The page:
I think it's an absolutely stunning portrait and a well deserved winner. Apparently the striking colours of his palette were influenced by her home which is also her studio.
|Ben Quilty Margaret Olley, Archibald Prize 2011 winner|
The prize is Australia's oldest and most important prize for portraiture. It was inaugurated in 1921 after a bequest from J. F. Archibald, the editor of The Bulletin which was an influential Australian magazine (1880-2008).
This is its 90th year and there were a total of 798 entries from which 41 finalists were selected for the exhibition.
Below is a video about the Prize. It includes images of some of the portraits which became finalists and an interview with Ben Quilty talking about how he came to do the portrait. It includes a great comment which I've observed myself again and again when looking at portraiture by various artists. (I'll elaborate more when I get my review done of Martin gayford's book on Lucian Freud).
It really stands out when somebody does know the sitter. If it's only about a one-off meeting to do a portrait then all it is is a likeness, there's nothing more.
This is a quote about Quilty's work from this essay Is The Truth Of Portraiture Vested Exclusively In Likeness?, Michael Desmond, 2006.
Quilty lays down meaty abstract slabs of paint, yet the individuality of his sitters, be they a friend or his infant son, emerges through characteristic pose or recognizable gesture.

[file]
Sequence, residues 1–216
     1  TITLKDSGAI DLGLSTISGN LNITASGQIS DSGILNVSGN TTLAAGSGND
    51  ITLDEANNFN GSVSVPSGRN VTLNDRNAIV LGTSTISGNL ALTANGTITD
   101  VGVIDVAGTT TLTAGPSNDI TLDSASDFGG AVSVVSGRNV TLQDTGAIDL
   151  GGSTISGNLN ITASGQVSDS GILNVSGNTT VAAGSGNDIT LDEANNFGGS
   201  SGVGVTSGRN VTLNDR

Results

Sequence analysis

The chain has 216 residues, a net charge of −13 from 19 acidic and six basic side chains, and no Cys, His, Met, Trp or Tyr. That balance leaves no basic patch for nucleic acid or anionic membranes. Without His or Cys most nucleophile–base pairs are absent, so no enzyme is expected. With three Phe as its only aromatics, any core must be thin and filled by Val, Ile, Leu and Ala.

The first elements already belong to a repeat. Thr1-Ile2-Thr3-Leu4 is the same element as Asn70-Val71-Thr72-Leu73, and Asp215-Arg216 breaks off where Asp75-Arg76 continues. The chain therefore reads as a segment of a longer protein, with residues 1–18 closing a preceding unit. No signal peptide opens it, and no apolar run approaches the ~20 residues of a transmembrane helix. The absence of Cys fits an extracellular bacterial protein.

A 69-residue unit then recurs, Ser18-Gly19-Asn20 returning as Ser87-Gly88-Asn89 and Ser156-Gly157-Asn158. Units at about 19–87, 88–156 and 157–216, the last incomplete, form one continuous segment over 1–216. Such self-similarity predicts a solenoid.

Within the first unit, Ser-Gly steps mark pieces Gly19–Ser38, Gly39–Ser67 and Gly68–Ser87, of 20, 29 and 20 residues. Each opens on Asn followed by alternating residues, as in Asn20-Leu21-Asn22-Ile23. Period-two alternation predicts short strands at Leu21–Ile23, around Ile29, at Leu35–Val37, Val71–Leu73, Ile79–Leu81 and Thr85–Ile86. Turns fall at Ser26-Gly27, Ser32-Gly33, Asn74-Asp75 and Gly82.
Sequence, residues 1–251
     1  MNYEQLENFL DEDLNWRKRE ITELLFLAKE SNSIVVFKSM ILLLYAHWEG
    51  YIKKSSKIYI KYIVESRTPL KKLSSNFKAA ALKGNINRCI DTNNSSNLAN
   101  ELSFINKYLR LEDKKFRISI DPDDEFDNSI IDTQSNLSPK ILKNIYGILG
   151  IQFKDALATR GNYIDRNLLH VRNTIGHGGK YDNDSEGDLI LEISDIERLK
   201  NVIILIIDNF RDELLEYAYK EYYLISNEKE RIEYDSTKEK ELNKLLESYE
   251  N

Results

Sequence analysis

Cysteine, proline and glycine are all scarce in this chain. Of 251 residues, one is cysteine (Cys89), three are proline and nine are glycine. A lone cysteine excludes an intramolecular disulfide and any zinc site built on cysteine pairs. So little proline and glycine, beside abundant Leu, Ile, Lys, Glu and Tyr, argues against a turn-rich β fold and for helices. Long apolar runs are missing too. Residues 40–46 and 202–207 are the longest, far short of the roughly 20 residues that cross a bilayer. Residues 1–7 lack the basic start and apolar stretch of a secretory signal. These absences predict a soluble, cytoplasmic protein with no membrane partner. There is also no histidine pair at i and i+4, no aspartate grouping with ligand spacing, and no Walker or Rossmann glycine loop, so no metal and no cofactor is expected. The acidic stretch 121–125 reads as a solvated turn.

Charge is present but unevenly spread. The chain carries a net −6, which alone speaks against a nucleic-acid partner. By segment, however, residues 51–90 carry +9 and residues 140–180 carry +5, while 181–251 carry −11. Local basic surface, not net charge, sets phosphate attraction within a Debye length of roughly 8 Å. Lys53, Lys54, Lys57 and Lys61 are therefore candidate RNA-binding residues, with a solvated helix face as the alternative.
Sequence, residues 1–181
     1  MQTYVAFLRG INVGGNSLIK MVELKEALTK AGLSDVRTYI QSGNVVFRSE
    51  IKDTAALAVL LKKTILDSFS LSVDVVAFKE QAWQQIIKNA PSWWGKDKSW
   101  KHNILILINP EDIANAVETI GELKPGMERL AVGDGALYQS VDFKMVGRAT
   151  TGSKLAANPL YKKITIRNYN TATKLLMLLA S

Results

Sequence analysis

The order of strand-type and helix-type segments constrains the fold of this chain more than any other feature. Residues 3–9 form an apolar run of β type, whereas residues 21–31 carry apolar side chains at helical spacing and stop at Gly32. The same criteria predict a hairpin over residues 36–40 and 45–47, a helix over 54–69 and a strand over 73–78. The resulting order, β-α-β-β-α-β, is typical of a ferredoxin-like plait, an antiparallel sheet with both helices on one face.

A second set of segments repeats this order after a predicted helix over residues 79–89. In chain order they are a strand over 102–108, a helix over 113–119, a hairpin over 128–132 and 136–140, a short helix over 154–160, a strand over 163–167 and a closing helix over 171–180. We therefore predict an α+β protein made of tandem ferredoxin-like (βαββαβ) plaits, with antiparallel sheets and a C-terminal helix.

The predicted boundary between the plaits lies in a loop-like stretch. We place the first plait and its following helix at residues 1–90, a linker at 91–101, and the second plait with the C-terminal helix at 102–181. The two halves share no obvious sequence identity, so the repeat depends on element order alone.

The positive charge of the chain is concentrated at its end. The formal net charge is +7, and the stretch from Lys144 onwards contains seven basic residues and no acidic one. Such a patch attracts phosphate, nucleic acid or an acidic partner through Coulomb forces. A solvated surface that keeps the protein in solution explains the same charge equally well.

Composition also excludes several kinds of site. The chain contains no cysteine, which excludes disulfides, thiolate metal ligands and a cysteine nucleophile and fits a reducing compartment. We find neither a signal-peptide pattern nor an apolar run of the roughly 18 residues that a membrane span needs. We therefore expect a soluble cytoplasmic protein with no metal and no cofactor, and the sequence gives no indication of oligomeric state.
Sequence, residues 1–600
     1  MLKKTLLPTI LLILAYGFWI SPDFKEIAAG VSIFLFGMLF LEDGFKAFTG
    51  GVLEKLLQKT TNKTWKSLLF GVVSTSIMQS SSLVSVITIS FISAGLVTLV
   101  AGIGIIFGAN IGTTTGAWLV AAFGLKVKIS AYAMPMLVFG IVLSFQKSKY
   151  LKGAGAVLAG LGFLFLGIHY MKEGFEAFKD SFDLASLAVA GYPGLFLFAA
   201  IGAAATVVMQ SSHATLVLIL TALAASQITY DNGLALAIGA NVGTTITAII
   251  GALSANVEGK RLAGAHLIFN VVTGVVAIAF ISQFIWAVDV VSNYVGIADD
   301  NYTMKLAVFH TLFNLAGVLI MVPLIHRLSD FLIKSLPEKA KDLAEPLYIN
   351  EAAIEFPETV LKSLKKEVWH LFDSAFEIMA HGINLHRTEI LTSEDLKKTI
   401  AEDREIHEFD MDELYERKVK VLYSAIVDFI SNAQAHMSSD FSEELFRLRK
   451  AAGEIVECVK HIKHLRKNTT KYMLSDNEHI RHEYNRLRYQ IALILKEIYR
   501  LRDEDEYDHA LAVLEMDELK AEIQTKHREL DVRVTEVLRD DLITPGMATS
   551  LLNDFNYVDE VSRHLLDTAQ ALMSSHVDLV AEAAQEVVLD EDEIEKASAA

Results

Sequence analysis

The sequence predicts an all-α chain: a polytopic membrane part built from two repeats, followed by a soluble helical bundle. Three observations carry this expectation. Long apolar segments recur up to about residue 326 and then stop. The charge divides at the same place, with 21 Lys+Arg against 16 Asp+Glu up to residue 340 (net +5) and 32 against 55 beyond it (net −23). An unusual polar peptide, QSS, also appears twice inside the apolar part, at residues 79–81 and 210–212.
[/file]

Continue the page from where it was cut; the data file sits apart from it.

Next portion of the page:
This was Ben Quilty's seventh time as a finalist for the Archibald Prize. He was previously a runner-up in 2009. He's become a very popular painter in Australia
Quilty has previously won the $150,000 Doug Moran National Portrait Prize, in 2009 for his portrait There But For The Grace Of God Go I No. 2 of Australian musician Jimmy Barnes.
He also won the $40,000 National Artists Self Portrait prize in 2007 for his painting Dead (Over the Hills and Far Away).
Archibald Prize 2011 regional tour
The Archibald Prize goes on tour after the exhibition at the Art Gallery of New South Wales which closes on 26 June 201.
- 2 July – 31 July 2011 TarraWarra Museum of Art, Victoria
- 5 August – 11 September 2011 Tweed River Art Gallery
- 17 September – 23 October 2011 Moree Plains Gallery
- 28 October – 4 December 2011 Lake Macquarie City Art Gallery
- 9 December – 15 January 2012 Casula Powerhouse Arts Centre
- 20 January – 26 February 2012 Orange Regional Gallery
- 2 March – 8 April 2012 Manning Regional Art Gallery
88 year old prize-winning painter Margaret Olley paints interiors and still life in the brilliant colours which seem to be much loved by Australians.
Here are a few examples of Olley Still life paintings and an article about her which has a photo of her painting. She has had over 60 solo exhibitions in Australia and abroad since 1948 and she is still putting on exhibitions of her work!
Interestingly this is Olley's second time as the subject of an Archibald Prizewinning painting. She was previously painted by William Dobell in 1948 - when he also won the Prize.
Margeret Olley is also a declared Australian National Treasure!
I also really like this photographic portrait of Margaret Olley in her studio which is in the National Portrait Gallery of Australia. I spot a characteristic pose!‘She’s such an inspiration,’ says Quilty. ‘She was a feminist ahead of her time. She’s vigorously passionate about social and political issues, as well as art, and is enormously compassionate. Margaret has such an infectious attitude to both life and death. Recently, I was amazed at how many new works she had on the go. She said to me, “I’m like an old tree dying and setting forth flowers as fast as it can, while it still can.” I thought that was such a powerful metaphor.’
Ben Quilty talking about Margaret Olley
I also much enjoyed Clive James writing about Margaret Olley - and you can also see some of her paintings which I assume he owns.